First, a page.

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by the parties, the learned Single Judge (D.R. Khanna, J.) by his judgment dated April 18, 1980 came to the conclusion, on facts, that the plaintiffs were the owners in possession of the property marked as B1, a smaller house known as baithak, and the disputed plot B2, and the properties, marked as A1, the ancestral residential house called rihaishi and A2, the open space behind the same, belonged to the defendants. Taking an overall view of the evidence of the parties in the light of the circumstances, the learned Single Judge came to the conclusion that the gher marked B2 belonged to the plaintiffs and it had fallen to their share in the partition of 1955 and later confirmed in the settlement dated 31st January 1971. In coming to that conclusion, he observed: "I have little hesitation that the portions marked A-1 and A-2 and B-1 and B-2 were ancestral residential houses of Ghers of the parties and Soonda and Puran had equal share in them. The residential house shown as A-1 and the open space behind that marked as A-2 were admittedly given to Puran in the partition of 1955. Similarly B-1 was allotted to Soonda. I am unable to hold that B-2 was also allotted to Puran. This would have been wholly unequitable and could not have by any stretch reflected the equal division of these joint properties. Puran in that case apart from getting the residential house for which he paid Rs.3,000 to Soonda would have also got far area in excess if defendants’ case that Gher B-2 also belongs to them is accepted. In any natural and equitable division of the properties, that allotment of the residential house marked ’A’ and the open space behind the same to Puran, Baithak B-1 and Gher No. 2 could have been naturally been given to Soonda. That it was actually done so, gets clarified in the document Ex. P1 dated 31.1.1971 which was written in the presence of a number of villagers between Puran and Soonda." The learned Judge went on to say that the document Exh. P-12 was executed by Puran Singh and Soonda in the presence of the villagers who attested the same, and there was some sanctity attached to it. What is rather significant is that Puran Singh was required to pay Rs.3,000 as owelty money for equalisation of shares. Aggrieved, the defendants preferred an appeal under cl. 10 of the Letters Patent. A Division Bench of the High Court (D.K. Kapur, 1112 CJ. and N.N. Goswamy, J.) by its judgment dated 4th August, 1986 affirmed the reasoning and conclusion arrived at by the learned Single Judge and accordingly dismissed the appeal. Both the learned Single Judge as well as the Division Bench have construed the document Exh. P-12 to be a memorandum of family arrangement and not an instrument of partition requiring registration and therefore admissible in evidence under the proviso to s. 49 of the Act, and have referred to certain decisions of this Court in support of that conclusion. In support of the appeal, Shri S.N., Kacker, learned counsel for the appellants has mainly contended that the document Exh. P-12 is an instrument of partition and therefore required registration under s. 17 of the Act. It is urged that the High Court has on a misconstruction of the terms wrongly construed it to be a memorandum of family arrangement and admissible for the collateral purpose of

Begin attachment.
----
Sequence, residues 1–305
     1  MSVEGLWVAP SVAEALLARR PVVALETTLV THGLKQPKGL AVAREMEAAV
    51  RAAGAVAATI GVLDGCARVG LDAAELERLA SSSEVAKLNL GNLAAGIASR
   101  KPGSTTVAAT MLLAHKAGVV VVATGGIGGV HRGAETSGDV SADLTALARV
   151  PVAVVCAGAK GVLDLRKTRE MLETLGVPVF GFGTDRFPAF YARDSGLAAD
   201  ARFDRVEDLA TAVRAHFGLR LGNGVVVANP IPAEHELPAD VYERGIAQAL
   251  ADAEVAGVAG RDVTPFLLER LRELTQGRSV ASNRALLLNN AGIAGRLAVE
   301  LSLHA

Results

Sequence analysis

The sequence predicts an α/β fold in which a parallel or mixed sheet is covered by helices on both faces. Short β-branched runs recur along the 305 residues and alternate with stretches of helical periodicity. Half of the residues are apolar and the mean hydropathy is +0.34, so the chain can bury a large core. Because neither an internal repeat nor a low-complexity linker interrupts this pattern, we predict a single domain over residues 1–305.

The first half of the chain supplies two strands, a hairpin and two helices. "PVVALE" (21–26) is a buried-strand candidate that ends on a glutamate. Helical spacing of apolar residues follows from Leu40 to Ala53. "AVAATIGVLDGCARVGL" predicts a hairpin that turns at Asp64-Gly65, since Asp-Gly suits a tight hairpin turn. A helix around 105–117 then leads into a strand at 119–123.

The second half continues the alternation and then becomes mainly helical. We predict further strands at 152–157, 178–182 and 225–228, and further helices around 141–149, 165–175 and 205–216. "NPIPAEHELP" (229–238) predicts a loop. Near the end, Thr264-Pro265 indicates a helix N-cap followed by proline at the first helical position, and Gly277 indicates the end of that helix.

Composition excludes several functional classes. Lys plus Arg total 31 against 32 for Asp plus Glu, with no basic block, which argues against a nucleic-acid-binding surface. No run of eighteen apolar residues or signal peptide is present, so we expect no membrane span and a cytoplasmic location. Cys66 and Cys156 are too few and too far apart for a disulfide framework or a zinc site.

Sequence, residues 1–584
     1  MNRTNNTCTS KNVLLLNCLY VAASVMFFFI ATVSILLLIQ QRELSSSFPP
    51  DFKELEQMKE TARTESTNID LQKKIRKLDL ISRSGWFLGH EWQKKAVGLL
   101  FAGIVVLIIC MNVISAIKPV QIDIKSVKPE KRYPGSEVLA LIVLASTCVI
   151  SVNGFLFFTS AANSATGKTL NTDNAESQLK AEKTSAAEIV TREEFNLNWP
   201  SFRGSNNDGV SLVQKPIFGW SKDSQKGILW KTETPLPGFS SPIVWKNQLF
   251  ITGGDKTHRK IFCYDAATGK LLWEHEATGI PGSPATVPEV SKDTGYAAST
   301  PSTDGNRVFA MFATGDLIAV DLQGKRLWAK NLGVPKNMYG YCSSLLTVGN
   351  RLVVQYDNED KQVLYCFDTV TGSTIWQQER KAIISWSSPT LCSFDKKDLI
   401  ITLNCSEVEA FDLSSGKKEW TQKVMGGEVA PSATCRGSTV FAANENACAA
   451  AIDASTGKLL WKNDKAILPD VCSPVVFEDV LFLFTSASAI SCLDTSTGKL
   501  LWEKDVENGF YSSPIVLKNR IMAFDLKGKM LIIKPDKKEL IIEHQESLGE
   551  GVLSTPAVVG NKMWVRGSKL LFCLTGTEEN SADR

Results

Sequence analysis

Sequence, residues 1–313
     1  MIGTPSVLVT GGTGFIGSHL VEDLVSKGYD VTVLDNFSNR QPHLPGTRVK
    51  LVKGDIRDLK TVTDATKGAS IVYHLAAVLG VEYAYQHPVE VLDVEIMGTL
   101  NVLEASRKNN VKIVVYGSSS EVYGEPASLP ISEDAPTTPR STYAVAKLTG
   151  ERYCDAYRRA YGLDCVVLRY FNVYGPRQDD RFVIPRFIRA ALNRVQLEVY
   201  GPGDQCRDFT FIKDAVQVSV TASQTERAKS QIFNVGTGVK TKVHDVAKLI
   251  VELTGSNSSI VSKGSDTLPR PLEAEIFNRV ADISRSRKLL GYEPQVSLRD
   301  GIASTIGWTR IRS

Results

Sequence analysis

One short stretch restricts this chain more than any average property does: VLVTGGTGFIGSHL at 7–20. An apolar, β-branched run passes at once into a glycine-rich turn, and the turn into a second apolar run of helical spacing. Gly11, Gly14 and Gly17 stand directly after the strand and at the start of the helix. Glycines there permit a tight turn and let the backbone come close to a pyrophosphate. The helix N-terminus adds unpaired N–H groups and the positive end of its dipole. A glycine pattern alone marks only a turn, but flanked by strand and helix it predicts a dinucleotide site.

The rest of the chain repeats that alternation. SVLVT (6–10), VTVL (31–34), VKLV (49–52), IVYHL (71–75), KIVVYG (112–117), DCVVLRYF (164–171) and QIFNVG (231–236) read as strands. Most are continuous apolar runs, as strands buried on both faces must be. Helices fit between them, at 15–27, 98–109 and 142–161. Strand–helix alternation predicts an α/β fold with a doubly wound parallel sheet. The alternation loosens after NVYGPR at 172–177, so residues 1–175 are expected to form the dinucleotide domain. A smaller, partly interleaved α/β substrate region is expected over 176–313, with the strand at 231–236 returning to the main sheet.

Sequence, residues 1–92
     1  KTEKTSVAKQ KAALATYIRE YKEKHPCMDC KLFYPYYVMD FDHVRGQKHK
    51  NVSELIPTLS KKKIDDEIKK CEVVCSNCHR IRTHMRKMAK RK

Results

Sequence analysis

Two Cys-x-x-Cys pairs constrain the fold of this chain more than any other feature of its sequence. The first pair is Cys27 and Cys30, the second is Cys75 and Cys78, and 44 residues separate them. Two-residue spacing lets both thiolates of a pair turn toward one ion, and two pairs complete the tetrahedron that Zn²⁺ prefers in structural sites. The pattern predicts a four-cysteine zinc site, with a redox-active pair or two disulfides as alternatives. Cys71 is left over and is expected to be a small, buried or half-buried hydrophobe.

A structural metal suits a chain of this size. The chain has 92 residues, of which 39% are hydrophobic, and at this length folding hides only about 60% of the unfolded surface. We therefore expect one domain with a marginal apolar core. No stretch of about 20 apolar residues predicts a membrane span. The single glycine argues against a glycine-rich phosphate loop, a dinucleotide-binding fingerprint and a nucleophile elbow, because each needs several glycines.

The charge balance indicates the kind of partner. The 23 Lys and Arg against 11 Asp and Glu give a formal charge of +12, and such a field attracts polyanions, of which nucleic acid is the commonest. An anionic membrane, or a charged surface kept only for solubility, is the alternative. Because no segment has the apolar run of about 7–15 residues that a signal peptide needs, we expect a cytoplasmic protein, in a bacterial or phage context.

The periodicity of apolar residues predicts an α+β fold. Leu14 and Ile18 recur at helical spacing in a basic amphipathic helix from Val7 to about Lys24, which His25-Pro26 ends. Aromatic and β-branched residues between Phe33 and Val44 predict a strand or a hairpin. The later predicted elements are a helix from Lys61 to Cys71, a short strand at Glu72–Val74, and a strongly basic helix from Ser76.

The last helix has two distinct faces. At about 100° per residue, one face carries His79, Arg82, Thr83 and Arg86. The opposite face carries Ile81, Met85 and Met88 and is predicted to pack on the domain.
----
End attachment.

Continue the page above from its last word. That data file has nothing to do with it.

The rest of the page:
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showing nature of possession under the proviso to s. 49 of the Act. In substance, the submission is that the document does not contain any recital of a prior, completed partition but on its terms embodies a decision which is to be the sole repository of the right and title of the parties i.e. according to which partition by metes and bounds had to be effected. We regret, we find it rather difficult to accept the contention. In order to deal with the point involved, it is necessary to reproduce the terms of the document Exh. P-12 which read: "Today after discussions it has been mutually agreed and decided that house rihaishi (residential) and the area towards its west which is lying open i.e. the area on the back of rihaishi (residential) house has come to the share of Chaudhary Pooran Singh Jaildar. 2. House Baithak has come to the share of Chaudhary Soonda. The shortage in area as compared to the house rihaishi and the open area referred to will be made good to Chaudhary Soonda from the filed and gitwar in the eastern side. 3. Rest of the area of the field and gitwar will be half and half of each of co-shares. The area towards west will be given to Chaudhary Pooran Singh and towards east will be given to Chaudhary Soonda. 4. Since house rihaishi has come to the share of 1113 Chaudhary Pooran Singh therefore he will pay Rs.3000 to Chaudhary Soonda. 5. A copy of this agreement has been given to each of the co-shares. D/-3.8. 1955 Sd/- in Hindi LTI Pooran Singh Zaildar Ch. Soonda." According to the plain terms of the document Exh. P-12, it is obvious that it was not an instrument of partition but merely a memorandum recording the decision arrived at between the parties as to the manner in which the partition was to be effected. The opening words of the document Exh. P-12 are: ’Today after discussion it has been mutually agreed and decided that .....’. What follows is a list of properties allotted to the respective parties. From these words, it is quite obvious that the document Exh. P-12 contains the recital of past events and does not itself embody the expression of will necessary to effect the change in the legal relation contemplated. So also the Panch Faisala Exh. P-1 which confirmed the arrangement so arrived at, opens with the words ’Today on 31.1.1971 the following persons assembled to effect a mutual compromise between Chaudhary Puran Singh and Chaudhary Zile Singh and unanimously decided that .....’. The purport and effect of the decision so arrived at is given thereafter. One of the terms agreed upon was that the gher marked B2 would remain in the share of Zile Singh, representing the plaintiffs. It is well-settled that while an instrument of partition which operates or is intended to operate as a declared volition constituting or severing ownership and causes a change of legal relation to the property divided amongst the parties to it, requires registration under s. 17(1)(b) of the Act, a writing which merely recites that there has in time past been a partition, is not a declaration of will, but a mere statement of fact, and it